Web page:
Frank Moorhouse was born in the coastal town of Nowra, NSW. He worked as an editor of small-town newspapers and as an administrator and in the 1970s became a full-time writer. He has written fiction, non fiction, screenplays and essays and edited many collections of writing. Forty Seventeen was given a laudatory full-page review by Angela Carter in the New York Times and was named Book of the Year by the Age and ‘moral winner’ of the Booker Prize by the London magazine Blitz. Grand Days, the first novel in The Edith Trilogy, won the SA Premier’s Award for Fiction. Dark Palace won the Miles Franklin Literary Award and was shortlisted for the NSW Premier’s Literary Award, the Victorian Premier’s Literary Award and the Age Book of the Year Award. Frank has undertaken numerous fellowships and his work has been translated into several languages. He was made a member of the Order of Australia for services to literature in 1985 and was awarded an honorary doctorate from Griffith University in 1997.

Annabel Crabb is a writer and broadcaster with the ABC. She is a regular guest on ABC News 24’s 6pm current affairs show The Drum, and on ABC TV’s Sunday morning politics programme Insiders. Annabel also hosts her own ABC political cooking show, Kitchen Cabinet, in which she invites herself around to the homes of federal MPs in search of food and conversation.

She received two Logie nominations in 2013 including the Graham Kennedy Award For Most Outstanding New Talent and Most Popular New Female Talent for her work on the show. At this year’s Walkley awards Annabel was nominated for The Drum, Fairfax Sundays and The Monthly, “A Crying Shame”, “The Tradies v The Ladies” and “Men Will Sleep Easier if there’s a 50/50 Quota”. She writes a weekly column for the Sun Herald, Sunday Times (Canberra) and Sunday Age.

She won a Walkley Award in 2009 for her Quarterly Essay ‘Stop At Nothing: The Life And Adventures of Malcolm Turnbull’, and has published two political books, ‘Losing It’ and ‘Rise Of The Ruddbot’.

In 2014, Annabel released a new book, The Wife Drought – a humorous yet thought provoking take on work-life balance for men and women. It has become a best-seller and was short-listed for the Australian Book Industry Association’s non-fiction award. In 2015, she published a cookbook, Special Delivery, co-authored with childhood friend Wendy Sharpe. In late 2014, Annabel teamed up with friend and fellow ABC journalist Leigh Sales to launch an independent podcast, Chat 10 Looks 3, complete with A Chorus Line-inspired theme song they have written and sung themselves.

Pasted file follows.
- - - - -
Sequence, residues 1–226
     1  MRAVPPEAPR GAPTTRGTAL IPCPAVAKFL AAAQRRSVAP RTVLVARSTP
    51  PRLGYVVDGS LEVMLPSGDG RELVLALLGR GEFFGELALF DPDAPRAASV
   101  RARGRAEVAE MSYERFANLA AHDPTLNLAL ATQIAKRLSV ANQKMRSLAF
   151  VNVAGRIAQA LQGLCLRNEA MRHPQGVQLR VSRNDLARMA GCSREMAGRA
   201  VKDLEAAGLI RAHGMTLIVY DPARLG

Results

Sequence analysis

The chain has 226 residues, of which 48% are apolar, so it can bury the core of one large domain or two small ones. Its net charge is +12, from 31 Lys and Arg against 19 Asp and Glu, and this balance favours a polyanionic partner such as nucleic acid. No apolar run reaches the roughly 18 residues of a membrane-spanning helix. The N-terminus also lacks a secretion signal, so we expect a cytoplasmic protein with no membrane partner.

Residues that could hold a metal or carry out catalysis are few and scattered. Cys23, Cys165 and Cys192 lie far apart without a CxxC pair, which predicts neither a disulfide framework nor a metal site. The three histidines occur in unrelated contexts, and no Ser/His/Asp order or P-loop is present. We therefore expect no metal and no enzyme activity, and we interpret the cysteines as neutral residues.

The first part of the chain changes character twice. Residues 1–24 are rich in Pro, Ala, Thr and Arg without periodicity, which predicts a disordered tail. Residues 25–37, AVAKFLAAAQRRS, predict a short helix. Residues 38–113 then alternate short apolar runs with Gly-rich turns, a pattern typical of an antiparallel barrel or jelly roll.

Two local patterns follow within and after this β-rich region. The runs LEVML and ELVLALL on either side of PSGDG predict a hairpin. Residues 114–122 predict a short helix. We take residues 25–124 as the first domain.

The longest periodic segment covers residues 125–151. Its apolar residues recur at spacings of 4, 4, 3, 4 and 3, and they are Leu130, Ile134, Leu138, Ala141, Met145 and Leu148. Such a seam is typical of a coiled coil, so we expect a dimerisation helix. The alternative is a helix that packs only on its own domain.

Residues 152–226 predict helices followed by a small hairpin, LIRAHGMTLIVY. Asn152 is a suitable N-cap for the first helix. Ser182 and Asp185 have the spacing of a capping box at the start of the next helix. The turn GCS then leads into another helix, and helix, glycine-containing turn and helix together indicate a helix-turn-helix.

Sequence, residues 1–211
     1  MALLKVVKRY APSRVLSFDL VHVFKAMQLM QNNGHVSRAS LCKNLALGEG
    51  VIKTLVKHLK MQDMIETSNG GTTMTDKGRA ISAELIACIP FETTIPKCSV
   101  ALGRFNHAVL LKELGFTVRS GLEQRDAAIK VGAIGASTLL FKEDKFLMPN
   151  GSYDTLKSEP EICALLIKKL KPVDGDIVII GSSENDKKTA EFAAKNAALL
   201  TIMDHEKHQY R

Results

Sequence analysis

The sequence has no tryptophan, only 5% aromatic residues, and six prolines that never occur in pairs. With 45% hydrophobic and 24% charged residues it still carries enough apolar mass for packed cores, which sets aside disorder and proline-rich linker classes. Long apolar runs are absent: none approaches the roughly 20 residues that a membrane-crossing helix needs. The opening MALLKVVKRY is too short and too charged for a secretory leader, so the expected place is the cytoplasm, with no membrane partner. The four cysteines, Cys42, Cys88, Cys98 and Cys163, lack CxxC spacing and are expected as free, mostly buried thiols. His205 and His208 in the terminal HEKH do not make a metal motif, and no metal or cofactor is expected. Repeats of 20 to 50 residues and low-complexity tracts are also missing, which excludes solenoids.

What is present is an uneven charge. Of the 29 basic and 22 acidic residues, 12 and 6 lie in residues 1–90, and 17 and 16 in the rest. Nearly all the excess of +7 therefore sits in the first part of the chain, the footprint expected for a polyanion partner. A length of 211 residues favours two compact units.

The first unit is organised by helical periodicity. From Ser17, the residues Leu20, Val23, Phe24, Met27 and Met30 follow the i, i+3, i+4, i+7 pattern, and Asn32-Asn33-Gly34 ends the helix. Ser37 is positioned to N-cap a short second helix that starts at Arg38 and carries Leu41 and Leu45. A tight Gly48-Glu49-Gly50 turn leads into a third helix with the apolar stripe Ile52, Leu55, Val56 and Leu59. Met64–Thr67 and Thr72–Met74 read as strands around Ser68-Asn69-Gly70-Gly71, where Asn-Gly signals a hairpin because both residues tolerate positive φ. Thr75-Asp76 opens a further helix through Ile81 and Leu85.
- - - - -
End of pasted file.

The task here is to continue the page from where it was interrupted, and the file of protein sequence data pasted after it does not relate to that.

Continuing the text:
In 2011, Annabel travelled to the United States as Australia’s Eisenhower Fellow to study developments in digital media and politics.

Annabel started out as a cadet journalist at Adelaide’s The Advertiser in 1997, and worked her way through local government and state political rounds before heading to Canberra in 1999. She has since worked as a political correspondent and sketch writer for The Age and The Sydney Morning Herald, and served for a time as London correspondent for Fairfax’s Sunday titles. She has moonlighted as the host of various ABC radio shows, 7.30 and even Q&A, mostly when the regular hosts are sick, pregnant, or tied up by Annabel in an ABC utilities cupboard. Annabel is very active as @annabelcrabb on Twitter; a platform she uses to talk about politics, find new friends and locate exotic ingredients. She has more than 200,000 followers, and is Twitter’s most-followed Australian journalist.

Kate Mulvany is a leading Australian actress, playwright and screenwriter.

As a writer, Kate has written and produced over 25 plays and screenplays, including the critically acclaimed and award-winning autobiographical piece ‘The Seed’.

After two sell-out seasons at Company B Belvoir, ‘The Seed’ went on to tour Australia and is currently in feature film development.